SQL Data Bindings for Gwen

SQL Data Bindings have been introduced to Gwen v2.1.0 to enable easy access to data stored in databases. This is handy for cases where you need to fetch data from a database and do some work with that data. For example, checking that the value of a field in a database contains some expected value or assigning a value stored in (or derived from) a database to an attribute and doing something with it.

The DSL for binding the result of an SQL query to an attribute is defined as follows:

<attribute> <is|will be> defined by sql "<selectStmt>" in the <dbName> database


  • attribute = the name of the attribute to bind the fetched data to
  • selectStmt = the SQL select statement used to fetch the data
  • dbName = a unique name assigned to the database connection

DB Connection Setup

Setting up a database connection is a two step once-off process.

  1. Configure the database connection by defining the following Gwen settings. Replace dbName  with the name you want to assign to your connection.
    • gwen.db.dbName.driver = the name of the JDBC driver class
    • gwen.db.dbName.url = the URL to the database containing all connection properties including credentials
  2. Point your GWEN_CLASSPATH environment variable to the location of the JDBC driver JAR. You could choose to set this in a wrapper script (bat or shell) or in the environment settings of your local machine.

For more details, see SQL Data Bindings on our wiki.

Any number of database connections can be configured. You just need to assign a unique dbName to each connection and configure the driver and url settings using that name and add any required JDBC driver JARs to your GWEN_CLASSPATH variable (multiple JAR entires can be delimited using the standard Java classpath separator for the platform you are on).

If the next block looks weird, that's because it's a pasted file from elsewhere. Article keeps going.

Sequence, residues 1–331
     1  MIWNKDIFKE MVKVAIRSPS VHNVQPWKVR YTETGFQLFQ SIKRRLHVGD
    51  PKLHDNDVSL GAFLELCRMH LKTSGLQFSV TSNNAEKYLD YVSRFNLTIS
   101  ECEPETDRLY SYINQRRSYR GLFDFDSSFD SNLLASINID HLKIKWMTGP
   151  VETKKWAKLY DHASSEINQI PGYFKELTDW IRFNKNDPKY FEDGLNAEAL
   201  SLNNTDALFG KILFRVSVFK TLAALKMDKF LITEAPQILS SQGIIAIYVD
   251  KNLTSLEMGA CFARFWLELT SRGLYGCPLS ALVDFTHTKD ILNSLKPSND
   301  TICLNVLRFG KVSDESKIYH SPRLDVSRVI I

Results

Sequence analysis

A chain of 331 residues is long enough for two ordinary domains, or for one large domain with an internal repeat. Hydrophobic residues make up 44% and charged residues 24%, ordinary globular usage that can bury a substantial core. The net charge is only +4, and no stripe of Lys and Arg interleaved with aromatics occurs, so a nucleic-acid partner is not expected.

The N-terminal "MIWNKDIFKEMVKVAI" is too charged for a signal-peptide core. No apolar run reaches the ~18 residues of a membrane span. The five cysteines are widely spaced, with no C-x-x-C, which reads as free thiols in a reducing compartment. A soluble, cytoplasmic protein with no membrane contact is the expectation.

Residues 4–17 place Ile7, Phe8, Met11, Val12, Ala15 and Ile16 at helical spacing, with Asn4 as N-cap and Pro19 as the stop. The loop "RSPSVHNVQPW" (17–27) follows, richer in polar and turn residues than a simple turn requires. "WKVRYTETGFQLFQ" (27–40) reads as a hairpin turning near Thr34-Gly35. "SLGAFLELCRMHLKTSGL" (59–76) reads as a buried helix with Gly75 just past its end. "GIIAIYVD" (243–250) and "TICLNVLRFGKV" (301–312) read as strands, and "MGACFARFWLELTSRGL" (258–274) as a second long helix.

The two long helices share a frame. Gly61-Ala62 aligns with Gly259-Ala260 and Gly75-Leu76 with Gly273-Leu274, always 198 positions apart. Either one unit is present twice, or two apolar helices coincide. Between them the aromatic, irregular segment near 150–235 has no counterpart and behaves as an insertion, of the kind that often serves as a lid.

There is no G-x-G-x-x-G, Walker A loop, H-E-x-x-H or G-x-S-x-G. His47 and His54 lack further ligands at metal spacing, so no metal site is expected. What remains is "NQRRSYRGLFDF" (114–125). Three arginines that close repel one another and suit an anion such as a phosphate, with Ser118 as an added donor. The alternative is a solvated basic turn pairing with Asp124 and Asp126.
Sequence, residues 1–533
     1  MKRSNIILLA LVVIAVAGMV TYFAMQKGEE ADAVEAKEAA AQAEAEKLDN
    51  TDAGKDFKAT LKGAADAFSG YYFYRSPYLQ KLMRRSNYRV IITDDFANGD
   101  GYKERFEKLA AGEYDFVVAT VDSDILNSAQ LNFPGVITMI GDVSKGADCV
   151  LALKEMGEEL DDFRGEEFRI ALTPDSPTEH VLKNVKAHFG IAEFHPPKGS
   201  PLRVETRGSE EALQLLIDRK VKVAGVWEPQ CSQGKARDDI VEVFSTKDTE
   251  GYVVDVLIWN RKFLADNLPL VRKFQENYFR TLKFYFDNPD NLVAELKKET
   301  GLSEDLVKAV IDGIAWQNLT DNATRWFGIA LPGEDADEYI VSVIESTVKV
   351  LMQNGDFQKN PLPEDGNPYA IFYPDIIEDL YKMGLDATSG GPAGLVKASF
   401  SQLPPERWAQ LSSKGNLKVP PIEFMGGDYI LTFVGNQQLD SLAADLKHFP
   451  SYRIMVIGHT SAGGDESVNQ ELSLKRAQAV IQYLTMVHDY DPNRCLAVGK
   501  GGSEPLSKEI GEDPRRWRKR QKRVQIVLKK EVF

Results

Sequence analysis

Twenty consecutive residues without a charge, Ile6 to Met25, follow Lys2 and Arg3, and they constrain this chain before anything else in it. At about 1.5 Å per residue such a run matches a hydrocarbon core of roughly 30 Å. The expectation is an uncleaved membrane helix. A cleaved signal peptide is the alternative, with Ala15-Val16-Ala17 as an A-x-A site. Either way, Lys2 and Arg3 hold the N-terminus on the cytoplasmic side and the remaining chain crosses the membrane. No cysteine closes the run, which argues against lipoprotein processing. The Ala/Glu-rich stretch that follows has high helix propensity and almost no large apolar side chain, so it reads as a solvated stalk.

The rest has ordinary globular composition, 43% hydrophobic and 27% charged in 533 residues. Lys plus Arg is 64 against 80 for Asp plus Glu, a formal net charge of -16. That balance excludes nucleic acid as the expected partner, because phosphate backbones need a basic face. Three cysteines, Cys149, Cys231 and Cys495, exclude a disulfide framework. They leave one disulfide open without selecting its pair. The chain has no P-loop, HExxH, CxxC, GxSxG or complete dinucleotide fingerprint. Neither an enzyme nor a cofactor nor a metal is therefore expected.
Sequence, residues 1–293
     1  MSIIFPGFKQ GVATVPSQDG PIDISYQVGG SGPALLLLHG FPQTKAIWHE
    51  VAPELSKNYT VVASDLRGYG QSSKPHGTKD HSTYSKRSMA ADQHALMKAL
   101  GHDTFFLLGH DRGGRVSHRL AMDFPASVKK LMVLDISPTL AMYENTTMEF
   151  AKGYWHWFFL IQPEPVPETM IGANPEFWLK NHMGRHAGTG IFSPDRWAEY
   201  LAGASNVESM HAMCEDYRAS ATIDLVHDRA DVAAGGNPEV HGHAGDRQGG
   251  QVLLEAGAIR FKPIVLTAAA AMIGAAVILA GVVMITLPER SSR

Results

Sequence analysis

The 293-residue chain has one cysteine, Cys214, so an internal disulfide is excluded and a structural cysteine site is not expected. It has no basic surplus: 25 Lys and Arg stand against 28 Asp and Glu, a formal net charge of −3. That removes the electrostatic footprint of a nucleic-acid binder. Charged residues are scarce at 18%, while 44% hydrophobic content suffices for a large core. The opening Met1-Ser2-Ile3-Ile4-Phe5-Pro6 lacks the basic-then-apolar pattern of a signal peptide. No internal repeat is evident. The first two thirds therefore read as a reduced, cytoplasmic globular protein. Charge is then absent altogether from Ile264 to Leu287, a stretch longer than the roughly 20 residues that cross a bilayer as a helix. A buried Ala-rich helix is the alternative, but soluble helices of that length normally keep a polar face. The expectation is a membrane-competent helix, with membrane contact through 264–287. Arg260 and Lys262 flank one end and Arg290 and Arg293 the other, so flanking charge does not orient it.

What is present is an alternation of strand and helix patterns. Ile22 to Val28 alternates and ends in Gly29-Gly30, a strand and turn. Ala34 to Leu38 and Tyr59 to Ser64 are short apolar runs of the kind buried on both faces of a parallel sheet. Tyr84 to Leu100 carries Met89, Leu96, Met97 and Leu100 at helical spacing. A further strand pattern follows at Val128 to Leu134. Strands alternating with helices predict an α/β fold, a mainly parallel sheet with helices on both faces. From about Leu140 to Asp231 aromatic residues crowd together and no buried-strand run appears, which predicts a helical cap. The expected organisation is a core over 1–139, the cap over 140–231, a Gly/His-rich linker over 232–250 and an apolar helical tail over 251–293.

Simple Usage

Assuming you have a database named ‘feedback‘ configured as per the MySQL example here, you can then bind an SQL query that fetches an email address (for example) to an attributed named ‘my email‘ as shown below. Ideally you should define this binding in a Gwen Meta file.

Given my email is defined by sql "select email from subscribers where name='gweninterpreter'" in the feedback database

In this example:

  • attribute = my email
  • selectStmt = select email from subscribers where name=’gweninterpreter’
  • dbName = feedback

With this binding in place, you can then reference the ‘my email‘ attribute anywhere in your features and Gwen will execute the SQL query to fetch the email value from the database and bind it in place.

For example, if you perform an assertion as follows, Gwen will fetch and bind the ‘my email‘ value before doing the comparison.

# compare email in database with expected literal
Then my email should be "gweninterpreter@gmail.com"

As another example, you can also enter the fetched email value into a field on a web page:

# web page field binding (in Meta)
Given the email field can be located by name "email"

# enter email value fetched from database into field on web page
When I enter my email in the email field

Advanced Usage

You can also use string interpolation to soft code the ‘name‘ parameter in the above query to another attribute called ‘my name‘ by redefining the SQL in your binding as follows instead:

select email from subscribers where name='${my name}'

Now whatever value is bound to the ‘my name‘ attribute in memory will be substituted for the ‘${my name}‘ placeholder in the SQL string before Gwen executes it. This value could be the captured value of a field on a web page, a property value, an assigned literal, or any other type of Gwen binding (another SQL binding even).


Published by

Branko Juric

Imperative by day and functional by night. Co author of the Gwen automation platform.

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